But the weirdest omission of all is the complete lack of any narrative around the Lib Dems spectacular collapse. They just aren’t mentioned. Which is crazy as there’s a real story to tell about the fact that in some of their seats (for example Brent Central or Haringey and Wood Green where they failed to beat Labour in a single ward). It’s true that the fight is going to be between us and the Tories, but to simply ignore the Lib Dems like their voters aren’t good enough or are already in the bag would be a very stupid thing to do.

So the geographical basis of the piece – quite apart from laying it completely open to charges of extreme London-centricity – massively skews the findings.

Finally, the piece doesn’t even have the courage to extrapolate its own numbers to a general election, even though the implication of the piece is that this proves the 5 Million Votes strategy wrong for a future general election.

Why not? Well speaking to excellent psephologist and analyst Lewis Baston, he says that because even under this most pessimistic, flawed and cherry-picked of approaches, the result of Labour winning 51% of seats where we need a swing of 5% or less from the Tories (assuming the very least expected from the Lib Dem collapse) would leave us with approximately 299 seats and put Ed Miliband in number 10. Perhaps not with an overall majority, but certainly as leader of the largest Party. The reality may be better, it may be worse, but that would be the case according to this model. The analysis fails even on its own deeply flawed terms. No surprise Hatwal didn’t want you to know that.

Why does it matter? It’s just another blog on a website not famed for its balanced approach to Labour Party politics. But as someone who believes there might be something to this 5 Million Votes theory, it does matter to me that the theory is tested robustly by those who disagree with me.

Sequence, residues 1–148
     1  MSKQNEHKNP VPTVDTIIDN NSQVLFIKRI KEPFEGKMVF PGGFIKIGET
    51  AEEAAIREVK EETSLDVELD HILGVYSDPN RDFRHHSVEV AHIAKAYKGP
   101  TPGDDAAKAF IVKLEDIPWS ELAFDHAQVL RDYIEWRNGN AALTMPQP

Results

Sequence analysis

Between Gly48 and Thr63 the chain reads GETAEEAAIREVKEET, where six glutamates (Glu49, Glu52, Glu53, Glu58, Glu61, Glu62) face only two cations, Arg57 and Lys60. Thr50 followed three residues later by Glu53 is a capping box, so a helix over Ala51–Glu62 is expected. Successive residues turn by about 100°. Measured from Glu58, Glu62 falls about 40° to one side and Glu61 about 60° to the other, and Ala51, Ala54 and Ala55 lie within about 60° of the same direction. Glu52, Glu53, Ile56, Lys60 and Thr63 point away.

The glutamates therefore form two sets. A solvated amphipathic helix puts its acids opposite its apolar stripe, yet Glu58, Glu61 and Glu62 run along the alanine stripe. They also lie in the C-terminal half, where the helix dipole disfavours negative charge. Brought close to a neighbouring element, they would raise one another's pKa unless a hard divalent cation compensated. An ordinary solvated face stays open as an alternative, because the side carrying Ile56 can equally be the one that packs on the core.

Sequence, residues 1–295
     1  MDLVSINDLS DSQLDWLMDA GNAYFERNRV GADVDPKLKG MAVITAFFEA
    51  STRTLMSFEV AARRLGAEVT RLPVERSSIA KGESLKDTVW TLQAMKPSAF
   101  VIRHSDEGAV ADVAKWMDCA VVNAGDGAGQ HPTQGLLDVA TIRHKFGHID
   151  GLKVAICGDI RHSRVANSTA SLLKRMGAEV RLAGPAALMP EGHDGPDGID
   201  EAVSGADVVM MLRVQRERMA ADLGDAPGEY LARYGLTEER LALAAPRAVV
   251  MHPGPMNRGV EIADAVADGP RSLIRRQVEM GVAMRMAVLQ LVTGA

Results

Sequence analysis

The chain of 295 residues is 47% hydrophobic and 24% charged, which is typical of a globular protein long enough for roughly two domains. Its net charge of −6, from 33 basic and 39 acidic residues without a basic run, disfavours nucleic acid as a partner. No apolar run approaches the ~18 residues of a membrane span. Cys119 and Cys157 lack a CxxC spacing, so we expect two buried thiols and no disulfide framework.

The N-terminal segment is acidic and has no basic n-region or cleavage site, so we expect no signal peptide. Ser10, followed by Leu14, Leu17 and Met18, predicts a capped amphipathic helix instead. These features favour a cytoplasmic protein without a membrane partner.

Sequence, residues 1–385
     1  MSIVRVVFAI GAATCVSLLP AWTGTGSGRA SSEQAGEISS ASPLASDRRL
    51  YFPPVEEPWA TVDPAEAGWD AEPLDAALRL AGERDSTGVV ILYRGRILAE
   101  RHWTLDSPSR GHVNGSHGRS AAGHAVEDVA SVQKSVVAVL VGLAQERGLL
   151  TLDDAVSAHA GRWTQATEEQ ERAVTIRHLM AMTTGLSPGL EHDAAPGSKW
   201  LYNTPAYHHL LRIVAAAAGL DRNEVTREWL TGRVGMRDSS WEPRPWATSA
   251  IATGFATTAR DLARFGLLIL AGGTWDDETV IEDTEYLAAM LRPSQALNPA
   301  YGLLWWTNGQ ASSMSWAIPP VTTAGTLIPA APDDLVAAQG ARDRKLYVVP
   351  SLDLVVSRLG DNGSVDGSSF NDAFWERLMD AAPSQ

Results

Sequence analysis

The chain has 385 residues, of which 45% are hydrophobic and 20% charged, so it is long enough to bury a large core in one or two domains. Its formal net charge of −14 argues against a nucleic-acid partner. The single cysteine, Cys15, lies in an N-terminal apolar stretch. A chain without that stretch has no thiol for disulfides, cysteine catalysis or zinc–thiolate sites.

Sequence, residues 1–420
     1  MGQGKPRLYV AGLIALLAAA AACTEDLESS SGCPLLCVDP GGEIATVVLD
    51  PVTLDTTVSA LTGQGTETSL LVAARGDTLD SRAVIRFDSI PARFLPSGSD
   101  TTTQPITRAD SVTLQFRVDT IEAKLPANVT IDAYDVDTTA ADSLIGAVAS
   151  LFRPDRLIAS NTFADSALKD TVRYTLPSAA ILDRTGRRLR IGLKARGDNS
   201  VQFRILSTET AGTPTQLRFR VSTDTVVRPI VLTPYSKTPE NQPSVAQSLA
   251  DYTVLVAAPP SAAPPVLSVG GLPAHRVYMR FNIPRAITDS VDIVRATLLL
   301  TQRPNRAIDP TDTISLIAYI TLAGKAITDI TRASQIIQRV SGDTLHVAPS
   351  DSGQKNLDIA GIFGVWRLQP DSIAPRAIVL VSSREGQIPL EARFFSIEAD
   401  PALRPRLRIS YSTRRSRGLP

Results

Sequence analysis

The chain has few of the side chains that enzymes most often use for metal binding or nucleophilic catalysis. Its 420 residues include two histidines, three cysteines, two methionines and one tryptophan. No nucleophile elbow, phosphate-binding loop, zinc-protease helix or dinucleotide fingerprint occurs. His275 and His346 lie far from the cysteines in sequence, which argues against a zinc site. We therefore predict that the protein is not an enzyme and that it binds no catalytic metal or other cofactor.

I’d like Labour to win in such a way that opens up more space to be innovative on our left flank. I’d like Labour to have the strength and ability to mobilse a large group of voters whose loyalty is less testable than those we might peel away from the Tories (important though those undoubtedly are). But ultimately, I want Labour to win the next election and every election after that. So if those who believe a move away from alaser-like focus on triangulation will be electorally disastrous then I want them to convince me this is so for the good of Party strategy.

I loathe bad data when I see the Government use it, I loathe it when I see the left use it. If this is the best I’m going to be offered, then I’m afraid you’re a very, very long way from anything like a good argument (which is a shame, because – as you might be able to tell from this piece – I love a good argument. One that – as Monty Python taught us – is a connected series of statements intended to establish a proposition (true statements by preference)).

Labour must be more robust than this. I know I intend to and I ask those who disagree with me to do the same.

this post first appeared on Labour List.



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The views stated are those of Emma Burnell and the other occassional contributors.